You are a long-time retired

Rohan Brown

For many retirees, there is now a reasonable expectation of increased life expectancy. For many this could mean 20-30 years of life after retirement. However, for many this is a challenge after a long working life.

It is becoming a challenge for many and leading to mental health challenges for retirees. The issue is that for many, work has been go, go, go for 30-40 years of our lives. For many it is also what defines who we are and what we are about. Other than family it is probably the one thing that provided day to day direction and purpose. Work can also be a social outlet, allowing mixing with fellow team members and customers.

A point I make with many of my clients is that in retirement they must have a reason to get out of bed in the morning. A purpose to drive then, keep mentally stimulated. Often at such a retirement stage it is hopefully not about the financial reward, but fulfillment and purpose. Where a family business is concerned retirement may mean more of a pottering stage of life. Coming and going as they feel, still being depended on and sense of being needed and still being there adding to the business overall success. For others, retirement may mean selling out of a business or total retirement from active employment in that business. In such as cases there may not be the ability to be involved in the business or industry.

So, what can we do?

  • Plan for retirement, think about those things you are wanting to do that work has always got in the way of. Write a bucket list and do them. Fishing, bowls or golf everyday may sound like fun, but will that challenge you long term?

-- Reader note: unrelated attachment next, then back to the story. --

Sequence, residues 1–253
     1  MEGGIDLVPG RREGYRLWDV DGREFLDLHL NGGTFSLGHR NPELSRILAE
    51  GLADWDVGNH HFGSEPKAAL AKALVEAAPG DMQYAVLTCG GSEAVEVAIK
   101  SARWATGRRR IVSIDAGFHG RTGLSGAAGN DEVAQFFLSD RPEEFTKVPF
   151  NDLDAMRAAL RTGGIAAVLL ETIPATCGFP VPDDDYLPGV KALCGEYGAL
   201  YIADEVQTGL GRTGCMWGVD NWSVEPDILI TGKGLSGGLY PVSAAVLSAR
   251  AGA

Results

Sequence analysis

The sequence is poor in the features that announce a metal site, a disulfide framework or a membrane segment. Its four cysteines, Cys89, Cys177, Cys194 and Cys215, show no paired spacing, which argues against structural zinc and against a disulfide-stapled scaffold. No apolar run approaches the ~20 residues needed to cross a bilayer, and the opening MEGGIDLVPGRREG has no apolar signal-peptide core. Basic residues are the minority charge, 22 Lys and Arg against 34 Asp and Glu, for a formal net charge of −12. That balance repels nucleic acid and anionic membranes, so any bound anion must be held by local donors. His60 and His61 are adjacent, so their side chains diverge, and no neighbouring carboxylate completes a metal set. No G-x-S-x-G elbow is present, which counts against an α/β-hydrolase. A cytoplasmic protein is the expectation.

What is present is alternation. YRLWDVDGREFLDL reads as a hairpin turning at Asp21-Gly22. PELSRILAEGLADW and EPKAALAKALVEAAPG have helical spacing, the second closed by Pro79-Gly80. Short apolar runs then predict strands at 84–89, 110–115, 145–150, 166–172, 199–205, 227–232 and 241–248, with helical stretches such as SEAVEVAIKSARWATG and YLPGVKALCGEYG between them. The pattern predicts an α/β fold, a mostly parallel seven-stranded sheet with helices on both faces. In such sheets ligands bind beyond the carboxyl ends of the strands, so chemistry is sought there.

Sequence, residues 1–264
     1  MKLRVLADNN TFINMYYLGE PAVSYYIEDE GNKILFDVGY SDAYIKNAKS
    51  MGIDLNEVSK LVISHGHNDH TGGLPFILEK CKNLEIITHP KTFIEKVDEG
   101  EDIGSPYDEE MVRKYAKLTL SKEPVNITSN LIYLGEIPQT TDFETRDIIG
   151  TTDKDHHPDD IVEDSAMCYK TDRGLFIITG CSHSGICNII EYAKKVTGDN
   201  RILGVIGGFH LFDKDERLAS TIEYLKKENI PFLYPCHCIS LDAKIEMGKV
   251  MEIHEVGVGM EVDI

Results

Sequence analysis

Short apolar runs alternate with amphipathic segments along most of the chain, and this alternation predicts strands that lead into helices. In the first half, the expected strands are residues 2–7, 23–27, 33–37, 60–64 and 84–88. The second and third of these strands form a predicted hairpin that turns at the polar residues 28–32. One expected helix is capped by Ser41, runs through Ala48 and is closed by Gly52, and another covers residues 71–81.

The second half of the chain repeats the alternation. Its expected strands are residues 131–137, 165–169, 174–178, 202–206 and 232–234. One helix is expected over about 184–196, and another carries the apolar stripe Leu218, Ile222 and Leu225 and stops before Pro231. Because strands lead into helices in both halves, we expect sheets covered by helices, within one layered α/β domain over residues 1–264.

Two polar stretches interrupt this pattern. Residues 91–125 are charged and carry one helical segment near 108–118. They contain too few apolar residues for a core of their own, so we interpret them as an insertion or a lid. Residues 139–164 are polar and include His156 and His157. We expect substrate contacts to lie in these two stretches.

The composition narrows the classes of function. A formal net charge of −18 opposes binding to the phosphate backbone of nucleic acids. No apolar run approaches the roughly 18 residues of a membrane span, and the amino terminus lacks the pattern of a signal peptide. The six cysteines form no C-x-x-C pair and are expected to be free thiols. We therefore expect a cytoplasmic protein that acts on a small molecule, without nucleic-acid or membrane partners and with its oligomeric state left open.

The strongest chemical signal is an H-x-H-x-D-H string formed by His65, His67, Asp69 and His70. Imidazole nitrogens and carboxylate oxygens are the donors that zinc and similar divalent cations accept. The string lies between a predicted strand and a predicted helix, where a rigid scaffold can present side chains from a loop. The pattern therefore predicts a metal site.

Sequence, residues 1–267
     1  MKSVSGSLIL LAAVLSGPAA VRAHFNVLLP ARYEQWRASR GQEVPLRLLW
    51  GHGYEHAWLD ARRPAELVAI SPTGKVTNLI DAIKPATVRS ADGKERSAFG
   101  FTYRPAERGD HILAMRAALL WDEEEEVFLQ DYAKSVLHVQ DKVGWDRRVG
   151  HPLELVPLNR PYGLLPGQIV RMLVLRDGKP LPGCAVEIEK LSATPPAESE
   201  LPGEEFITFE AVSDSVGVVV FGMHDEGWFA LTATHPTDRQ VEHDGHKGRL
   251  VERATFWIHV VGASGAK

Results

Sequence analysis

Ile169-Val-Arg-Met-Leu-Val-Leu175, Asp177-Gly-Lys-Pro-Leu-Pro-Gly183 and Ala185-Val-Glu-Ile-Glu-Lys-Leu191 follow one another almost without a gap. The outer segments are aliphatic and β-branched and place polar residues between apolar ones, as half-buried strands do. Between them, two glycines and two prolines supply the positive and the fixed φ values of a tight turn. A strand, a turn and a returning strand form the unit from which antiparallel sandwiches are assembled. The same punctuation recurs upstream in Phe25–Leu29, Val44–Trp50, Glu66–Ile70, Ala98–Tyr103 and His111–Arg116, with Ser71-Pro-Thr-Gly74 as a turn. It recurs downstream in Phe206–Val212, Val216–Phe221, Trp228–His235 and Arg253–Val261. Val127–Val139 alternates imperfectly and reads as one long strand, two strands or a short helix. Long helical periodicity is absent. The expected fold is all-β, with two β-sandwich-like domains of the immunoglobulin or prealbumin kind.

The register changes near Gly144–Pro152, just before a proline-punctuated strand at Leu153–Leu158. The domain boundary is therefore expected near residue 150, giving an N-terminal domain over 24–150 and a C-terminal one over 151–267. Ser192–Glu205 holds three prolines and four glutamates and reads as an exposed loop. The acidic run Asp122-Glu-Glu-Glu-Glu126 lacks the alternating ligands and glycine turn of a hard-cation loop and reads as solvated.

• Before retirement discuss with your partner the concept of retirement. Do you have the same expectations? It will be a big change in your lifestyle dynamic.
  • Phase towards retirement. There is no hard rule of being all or nothing when it comes to work. Where possible consider working towards a phase out approach, start by not working on certain days, ease out of certain work commitments or pass on many of the tasks you perform.
  • Take a sabbatical from work, re-energise and go back. The break may also allow a reset in the way you work and on return the role may have evolved to keep you engaged for a few more years.
  • Change the sort of work you do, moving into different roles or change employers.
  • Consider voluntary work, providing you years of skills to other organisation that may be requiring assistance. This is win-win, the group get expertise and you have continued purpose.
  • Keep learning new things, taking the opportunity to do short courses, learn practical skills. This may also include skills learnt in volunteering on the job.
  • Pay it back, use your long career of skills to upskill the future generation just starting in your industry.
  • Join clubs and special interest groups to mix with other likeminded people. Don’t just join for the activities, but also to socialise.

If there is something to take from this article it is, be aware of mental health. Check in on yourself, others around you or family members that are transitioning. If you are feeling ‘retirement’ is taking a toll, seek help. There are many great resources to assist this change in life, simply do an internet search for retirement mental health.